A SCOTTISH Government minister has insisted there really are more fish in the sea as he rejected claims that cod stocks in the North Sea are being badly affected by reduced life expectancy.
His comments come after a report said fewer older fish are being landed at harbours and claims there may only be 100 cod aged over 13.
Fisheries Secretary Richard Lochhead highlighted scientific research which estimates there are about 21 million mature cod, equal to about 65,000 tonnes.
The government said 60 per cent of four-year-old cod are mature, rising to all cod by age six.
Mr Lochhead said: “The facts show that since 2006 the cod stock has been gradually improving. Scotland has played a big part in this by achieving the EU’s biggest reductions in the cod discards, while we have led the way with sustainable fishing initiatives.
“Our catch quota trials uses CCTV monitoring has been able to eliminate cod discards for the fishermen involved.”
Initiatives by Scottish fishermen have meant that cod discard rates have fallen from 62 per cent in 2007 to 24 per cent in 2011. Schemes such as the use of selective fishing gear, to help avoid catching undersized and unwanted fish, help to conserve the species, he said.
The government says scientific advice from ICES (International Council for the Exploration of the Seas) shows that there are 21 million mature cod (65,000 tonnes) in the North Sea with fish reproducing at a younger age. Some 60 per cent of four-year-old cod are mature rising to 100 per cent by age six.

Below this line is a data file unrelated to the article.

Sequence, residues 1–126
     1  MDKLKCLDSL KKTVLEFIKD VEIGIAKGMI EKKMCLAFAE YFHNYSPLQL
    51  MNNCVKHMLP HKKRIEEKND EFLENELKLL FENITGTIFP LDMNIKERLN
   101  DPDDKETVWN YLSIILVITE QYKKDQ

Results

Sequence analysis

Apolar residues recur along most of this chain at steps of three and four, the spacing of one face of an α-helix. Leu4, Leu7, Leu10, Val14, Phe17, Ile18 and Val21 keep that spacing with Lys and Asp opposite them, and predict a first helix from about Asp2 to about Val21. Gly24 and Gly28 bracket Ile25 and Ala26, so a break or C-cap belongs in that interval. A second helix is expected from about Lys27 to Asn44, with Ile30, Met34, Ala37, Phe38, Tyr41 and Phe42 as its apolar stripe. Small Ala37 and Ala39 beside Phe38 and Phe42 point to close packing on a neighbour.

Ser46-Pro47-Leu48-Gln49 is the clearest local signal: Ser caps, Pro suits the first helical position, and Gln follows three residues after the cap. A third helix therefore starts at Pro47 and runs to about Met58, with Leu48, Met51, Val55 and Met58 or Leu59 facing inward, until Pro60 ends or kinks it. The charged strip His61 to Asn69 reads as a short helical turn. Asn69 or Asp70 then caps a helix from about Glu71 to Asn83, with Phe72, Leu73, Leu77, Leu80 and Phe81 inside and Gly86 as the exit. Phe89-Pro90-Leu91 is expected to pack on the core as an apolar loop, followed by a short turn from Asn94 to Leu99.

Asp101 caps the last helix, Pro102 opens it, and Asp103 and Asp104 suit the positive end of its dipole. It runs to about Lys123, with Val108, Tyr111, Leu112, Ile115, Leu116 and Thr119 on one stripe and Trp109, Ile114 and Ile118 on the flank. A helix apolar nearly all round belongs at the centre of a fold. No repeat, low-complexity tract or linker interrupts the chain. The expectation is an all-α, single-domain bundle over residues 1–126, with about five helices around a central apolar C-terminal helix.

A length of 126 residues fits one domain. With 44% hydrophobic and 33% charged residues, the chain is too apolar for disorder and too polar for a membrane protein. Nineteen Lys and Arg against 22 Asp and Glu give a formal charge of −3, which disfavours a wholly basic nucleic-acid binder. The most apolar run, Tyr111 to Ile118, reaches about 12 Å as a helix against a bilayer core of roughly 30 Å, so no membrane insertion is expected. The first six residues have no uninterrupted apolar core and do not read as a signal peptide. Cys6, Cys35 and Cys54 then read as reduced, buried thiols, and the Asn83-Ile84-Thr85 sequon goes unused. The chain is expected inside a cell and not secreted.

“We are fully committed to ensuring a successful, long-term future for Scottish fisheries – and that means following the scientific advice and continuing our measures to fish more sustainably,” Mr Lochhead added.
“Wilfully misleading and sensational claims that selectively interpret the facts do no nothing to promote this agenda. Scottish consumers can be assured that both government and industry are fully committed securing a viable and successful future for Scottish fishing communities and the fish stocks on which they depend.”
Scientists have appealed for a reduction in the cod quote from the North Sea down to 25,600 tons next year. This year’s quota is 32,000 tons, compared to 360,000 tons in the 1970s.
The disputed research was carried out by Defra’s fisheries laboratory, the Centre for Environment, Fisheries and Aquaculture Science (Cefas), although Defra later issued a statement insisting that there are about 21 million mature cod in the North Sea.
The report also came under fire from Scottish Fishermen’s Federation chief executive Bertie Armstrong, who fears it could colour the public’s perception of the industry.
“It was a complete distortion,” he said. “The trouble is it damages fishing’s reputation in the eyes of the public.”